Saturday, May 25, 2013
By CHRISTOPHER N. BREISETH
NEWCASTLE - When I first met Frances Perkins at Cornell in early 1960, I asked her what she regarded as her most important contribution. Her immediate reply: "Social Security."
As we commemorate the 77th anniversary of the signing of the Social Security Act by President Franklin D. Roosevelt, it is worth asking how this first woman Cabinet member was able to secure this keystone in the arch of the New Deal.
Kirstin Downey, my co-editor of the book "A Promise to All Generations," has helped us comprehend Perkins' pivotal contributions to our social safety net in her highly regarded biography, "The Woman Behind the New Deal." Because the New Deal safety net is under attack in the current political struggles over the federal deficit, with Social Security more vulnerable than it has ever been before, a brief survey of Perkins' career may be instructive in understanding key issues in our present struggle.
When Al Smith became governor of New York in 1919, he named Perkins to the five-member Industrial Commission. At the time she assumed this position, women had not yet secured the right to vote.
Throughout the Smith administrations, New York state was ahead of all other states in addressing employee working conditions as well as regulations governing industries.
Perkins was at Smith's side as his proactive leadership on such problems helped secure him the Democratic nomination for president in 1928.
When Roosevelt succeeded Smith as governor of New York in 1929, he continued Smith's progressive policies, which were now even more urgently needed as the Great Depression hit the nation's largest and most powerful state.
Perkins was the policy bridge between the two administrations, becoming the commissioner of labor under Gov. Roosevelt. Her pivotal role in the development of public policy to deal with the crises created by the Great Depression came into sharp focus when the president-elect urged Perkins to become his secretary of labor, and, thereby, the first woman Cabinet member.
As she had done when Roosevelt asked her to be state commissioner of labor, Perkins had her list of legislative objectives, which she required him to support if she were to accept his offer. FDR assured Frances Perkins of his support. Over the next 12 years, they achieved all of their goals, except national health insurance.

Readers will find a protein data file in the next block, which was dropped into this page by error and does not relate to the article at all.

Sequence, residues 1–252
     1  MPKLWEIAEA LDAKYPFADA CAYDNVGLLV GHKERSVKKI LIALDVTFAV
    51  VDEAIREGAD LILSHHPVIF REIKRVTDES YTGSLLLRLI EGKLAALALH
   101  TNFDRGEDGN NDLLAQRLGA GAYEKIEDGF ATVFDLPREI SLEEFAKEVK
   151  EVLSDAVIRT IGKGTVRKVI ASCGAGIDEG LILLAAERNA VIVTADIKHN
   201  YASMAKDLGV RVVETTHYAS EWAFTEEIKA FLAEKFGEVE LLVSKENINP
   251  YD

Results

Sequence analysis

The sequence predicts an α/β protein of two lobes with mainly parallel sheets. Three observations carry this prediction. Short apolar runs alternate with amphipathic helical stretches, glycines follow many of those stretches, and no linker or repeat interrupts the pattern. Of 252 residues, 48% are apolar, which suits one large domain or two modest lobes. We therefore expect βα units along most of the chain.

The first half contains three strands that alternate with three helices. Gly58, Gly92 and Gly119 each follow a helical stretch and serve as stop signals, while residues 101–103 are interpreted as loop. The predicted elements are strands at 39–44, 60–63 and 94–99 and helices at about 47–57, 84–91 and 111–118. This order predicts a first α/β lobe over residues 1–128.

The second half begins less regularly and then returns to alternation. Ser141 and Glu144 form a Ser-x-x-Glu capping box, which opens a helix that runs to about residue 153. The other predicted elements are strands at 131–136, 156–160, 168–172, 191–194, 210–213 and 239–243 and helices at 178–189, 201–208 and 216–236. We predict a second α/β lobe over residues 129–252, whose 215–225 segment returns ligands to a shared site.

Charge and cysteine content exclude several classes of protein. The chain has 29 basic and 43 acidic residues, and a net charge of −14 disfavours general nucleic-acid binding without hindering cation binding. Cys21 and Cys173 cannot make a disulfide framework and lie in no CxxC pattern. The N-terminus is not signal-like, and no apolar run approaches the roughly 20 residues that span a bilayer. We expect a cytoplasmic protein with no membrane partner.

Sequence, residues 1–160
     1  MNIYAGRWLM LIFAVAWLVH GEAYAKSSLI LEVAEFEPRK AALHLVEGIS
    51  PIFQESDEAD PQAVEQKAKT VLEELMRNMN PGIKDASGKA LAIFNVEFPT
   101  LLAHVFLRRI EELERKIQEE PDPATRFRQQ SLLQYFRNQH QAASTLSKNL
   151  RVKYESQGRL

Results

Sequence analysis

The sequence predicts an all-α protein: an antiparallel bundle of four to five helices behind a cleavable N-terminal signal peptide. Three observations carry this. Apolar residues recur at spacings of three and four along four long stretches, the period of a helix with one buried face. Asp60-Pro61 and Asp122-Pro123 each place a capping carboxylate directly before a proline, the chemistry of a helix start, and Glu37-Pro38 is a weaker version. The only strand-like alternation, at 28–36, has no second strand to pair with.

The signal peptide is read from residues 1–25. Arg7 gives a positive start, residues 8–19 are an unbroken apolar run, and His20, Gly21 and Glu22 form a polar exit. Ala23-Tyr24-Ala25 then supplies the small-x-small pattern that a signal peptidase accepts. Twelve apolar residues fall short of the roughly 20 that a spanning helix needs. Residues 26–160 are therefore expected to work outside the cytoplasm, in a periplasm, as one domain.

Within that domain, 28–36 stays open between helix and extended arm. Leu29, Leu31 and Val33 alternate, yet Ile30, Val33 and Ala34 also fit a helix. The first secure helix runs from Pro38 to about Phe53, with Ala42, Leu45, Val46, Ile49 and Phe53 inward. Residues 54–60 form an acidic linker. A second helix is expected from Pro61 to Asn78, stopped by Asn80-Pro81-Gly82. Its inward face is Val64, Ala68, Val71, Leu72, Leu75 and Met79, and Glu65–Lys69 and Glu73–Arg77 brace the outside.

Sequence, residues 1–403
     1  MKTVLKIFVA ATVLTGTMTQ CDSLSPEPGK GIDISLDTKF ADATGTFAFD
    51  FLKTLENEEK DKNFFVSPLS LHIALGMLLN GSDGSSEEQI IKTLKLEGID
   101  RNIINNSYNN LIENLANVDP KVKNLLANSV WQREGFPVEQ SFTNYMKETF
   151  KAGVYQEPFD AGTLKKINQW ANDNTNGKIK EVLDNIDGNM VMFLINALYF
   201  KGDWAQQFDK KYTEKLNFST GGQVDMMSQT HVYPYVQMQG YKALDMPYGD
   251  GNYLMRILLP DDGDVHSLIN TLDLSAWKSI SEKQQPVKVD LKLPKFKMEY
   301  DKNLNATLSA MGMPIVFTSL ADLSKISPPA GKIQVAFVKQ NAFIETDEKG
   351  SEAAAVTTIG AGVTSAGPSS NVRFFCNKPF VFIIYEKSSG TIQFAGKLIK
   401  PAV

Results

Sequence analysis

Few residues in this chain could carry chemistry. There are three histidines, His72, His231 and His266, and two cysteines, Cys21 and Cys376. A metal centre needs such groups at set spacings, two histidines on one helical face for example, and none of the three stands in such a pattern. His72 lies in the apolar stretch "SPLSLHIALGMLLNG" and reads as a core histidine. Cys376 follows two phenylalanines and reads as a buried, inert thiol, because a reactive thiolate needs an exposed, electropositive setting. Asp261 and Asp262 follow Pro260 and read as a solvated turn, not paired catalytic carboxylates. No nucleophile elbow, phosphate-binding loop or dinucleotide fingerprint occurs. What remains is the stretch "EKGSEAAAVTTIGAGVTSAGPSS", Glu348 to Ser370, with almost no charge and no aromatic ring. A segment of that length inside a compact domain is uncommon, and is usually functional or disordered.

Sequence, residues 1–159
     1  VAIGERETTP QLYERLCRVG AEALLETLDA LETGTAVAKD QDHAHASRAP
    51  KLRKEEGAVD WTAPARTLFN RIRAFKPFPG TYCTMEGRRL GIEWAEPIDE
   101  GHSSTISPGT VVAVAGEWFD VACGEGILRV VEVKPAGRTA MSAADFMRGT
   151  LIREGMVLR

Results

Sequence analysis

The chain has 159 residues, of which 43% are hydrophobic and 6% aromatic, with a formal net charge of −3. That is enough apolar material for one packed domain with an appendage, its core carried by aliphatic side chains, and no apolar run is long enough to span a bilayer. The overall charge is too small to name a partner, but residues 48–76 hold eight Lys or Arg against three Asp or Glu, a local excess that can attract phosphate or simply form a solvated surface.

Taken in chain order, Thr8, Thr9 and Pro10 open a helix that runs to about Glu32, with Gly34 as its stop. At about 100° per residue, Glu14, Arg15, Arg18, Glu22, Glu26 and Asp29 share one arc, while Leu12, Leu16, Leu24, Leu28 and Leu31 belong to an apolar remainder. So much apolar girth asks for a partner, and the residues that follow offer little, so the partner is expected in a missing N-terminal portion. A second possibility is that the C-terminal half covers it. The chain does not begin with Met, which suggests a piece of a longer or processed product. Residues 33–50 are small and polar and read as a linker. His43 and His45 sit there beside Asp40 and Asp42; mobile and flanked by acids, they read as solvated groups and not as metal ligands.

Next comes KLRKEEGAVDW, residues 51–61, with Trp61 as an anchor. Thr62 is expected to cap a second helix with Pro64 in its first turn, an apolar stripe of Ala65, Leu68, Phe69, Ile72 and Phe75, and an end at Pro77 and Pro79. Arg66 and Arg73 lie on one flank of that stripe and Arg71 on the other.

A serious student of old-age pension plans in European countries, Perkins in 1934 recommended that President Roosevelt appoint a Committee on Economic Security.
Under very tight time constraints plus growing agitation in the country for various radical old-age pension proposals, the committee, which Perkins chaired, met the president's Christmas deadline in 1934 and presented him with the proposal that, with some modifications, became the Social Security Act of 1935.
With FDR's own critical input, Social Security was set up as a social insurance program, relying on payroll taxes as the individual's premiums, which would guarantee a pension for retired or disabled individuals or for widows and children when their breadwinner died.
In its provisions, which saw modifications over the years, including extension of benefits to categories of workers initially excluded, President Roosevelt and his secretary of labor, along with their allies in Congress, sought, in FDR's words, "security against the hazards and vicissitudes of life."
In our present debate over the future of Social Security, it is clear that this vision is not shared by the opponents of Social Security, who focus instead on the individual's responsibility to care for himself or herself under all conditions.
Our debate today is on the proper role of government and the importance of government investment in our infrastructure -- our roads, bridges, schools, hospitals -- as well as in protecting the quality of our rivers, lakes, streams and air and the health of our people.
For Frances Perkins, the present Great Recession would be a chance to bring together the country's infrastructure needs with the need for jobs for unemployed men and women.
For those on the other side of this debate, the effort to move Social Security toward a needs-based welfare program, while those with more "smarts" take over their own pension investments through the stock market, symbolizes the effort to put the full responsibility on the individual for his or her well-being, even in old age.
Frances Perkins captured the larger vision of what she and FDR understood to be the proper role of government. "The people are what matter to government, and a government should aim to give all the people under its jurisdiction the best possible life."
Christopher N. Breiseth is the immediate past president and CEO of the Franklin and Eleanor Roosevelt Institute in Hyde Park, N.Y. He serves on the board of directors of the Frances Perkins Center, a Newcastle-based nonprofit.